Information Technology:

Continued Attention Needed to Accurately Report Federal Spending and Improve Management

GAO-11-831T: Published: Jul 14, 2011. Publicly Released: Jul 14, 2011.

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A long-standing goal of Congress has been to improve the performance and transparency of the federal government through the use of information technology (IT). The Office of Management and Budget (OMB) plays a key role in improving the transparency and oversight of federal investments. Given the size of these investments and their importance to the health, economy, and security of the nation, it is critical for OMB and federal agencies to provide appropriate program oversight and ensure adequate transparency. GAO was asked to testify on IT systems used by federal agencies to report spending. To prepare this statement, GAO drew on previously published work on two government reporting mechanisms--an IT Dashboard and USAspending.gov. These public Web sites were deployed by OMB in June 2009 and December 2007, respectively. The Dashboard provides detailed information on approximately 800 major federal IT investments, including assessments of these investments' performance against cost and schedule targets (referred to as ratings). USAspending.gov contains data on federal awards (e.g., contracts, loans, and grants) across the federal government.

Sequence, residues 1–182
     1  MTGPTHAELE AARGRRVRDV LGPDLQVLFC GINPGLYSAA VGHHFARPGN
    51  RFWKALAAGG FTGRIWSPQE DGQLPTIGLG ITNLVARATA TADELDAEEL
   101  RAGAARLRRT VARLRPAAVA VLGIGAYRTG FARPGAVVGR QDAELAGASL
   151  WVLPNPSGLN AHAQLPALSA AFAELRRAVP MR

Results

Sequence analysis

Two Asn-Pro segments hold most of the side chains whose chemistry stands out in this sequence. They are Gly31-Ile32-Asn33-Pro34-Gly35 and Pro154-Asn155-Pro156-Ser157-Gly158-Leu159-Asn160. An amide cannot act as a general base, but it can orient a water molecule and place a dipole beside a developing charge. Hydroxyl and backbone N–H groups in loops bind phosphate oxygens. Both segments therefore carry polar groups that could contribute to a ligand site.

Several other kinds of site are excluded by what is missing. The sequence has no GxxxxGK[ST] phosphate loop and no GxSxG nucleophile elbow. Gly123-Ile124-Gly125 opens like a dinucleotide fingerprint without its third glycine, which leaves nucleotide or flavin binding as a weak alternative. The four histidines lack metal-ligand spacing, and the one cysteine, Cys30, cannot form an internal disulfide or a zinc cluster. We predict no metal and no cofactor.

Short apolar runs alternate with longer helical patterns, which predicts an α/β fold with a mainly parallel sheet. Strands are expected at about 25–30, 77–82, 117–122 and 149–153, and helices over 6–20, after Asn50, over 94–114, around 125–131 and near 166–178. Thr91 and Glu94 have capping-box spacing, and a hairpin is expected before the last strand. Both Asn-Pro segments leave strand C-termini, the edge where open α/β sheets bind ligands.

In June 2009, OMB deployed the IT Dashboard Web site to improve the transparency into and oversight of federal agencies' IT investments. This site displays detailed information on major IT investments, including assessments of actual performance against cost and schedule targets. According to OMB, these data are intended to provide a near real-time perspective on the performance of these investments. The Dashboard has drawn additional attention to over 300 troubled IT investments at federal agencies, totaling $20 billion. The Federal Chief Information Officer (CIO) recognized that the Dashboard has increased the accountability of agency CIOs and established much-needed visibility into investment performance. However, GAO has found that the data on the Dashboard were not always accurate. Specifically, in reviews of selected investments from 10 agencies, GAO found that the Dashboard ratings were not always consistent with agency cost and schedule performance data. In these reports GAO made a number of recommendations to OMB and federal agencies to improve the accuracy of Dashboard ratings. Agencies and OMB agreed with almost all of these recommendations. Using the Dashboard, OMB initiated efforts to improve the management of IT investments needing attention. Specifically, beginning in January 2010, the Federal CIO initiated reviews--known as "TechStat" sessions--of selected IT investments involving OMB and agency leadership and which, according to OMB officials, have resulted in improvements to or termination of some investments. Further, OMB identified 26 high-priority IT projects and plans to develop corrective action plans with agencies at future TechStat sessions. According to the Federal CIO, OMB's efforts have already resulted in $3 billion in savings. Lastly, recent and ongoing GAO work has identified additional opportunities for using the Dashboard to increase operational efficiency and realize cost savings, such as by identifying duplicative investments. Continued OMB oversight, along with the implementation of outstanding GAO recommendations, could result in further significant savings and increased efficiency. In responding to a statutory requirement, OMB deployed USAspending.gov in December 2007. This site provides details on over $1 trillion in contracts and financial assistance awarded annually by federal agencies. However, in March 2010, GAO found that agencies did not always report awards on USAspending.gov and that numerous inconsistencies existed between USAspending.gov data and agency records. These errors were due to a reliance on voluntary agency compliance and a lack of specific guidance. Accordingly, GAO recommended that OMB ensure complete reporting and clarify guidance for verifying agency-reported data. OMB generally agreed with GAO's findings and recommendations. Since then, OMB has issued guidance to federal agencies on improving the data quality of federal spending information, including developing data quality plans.

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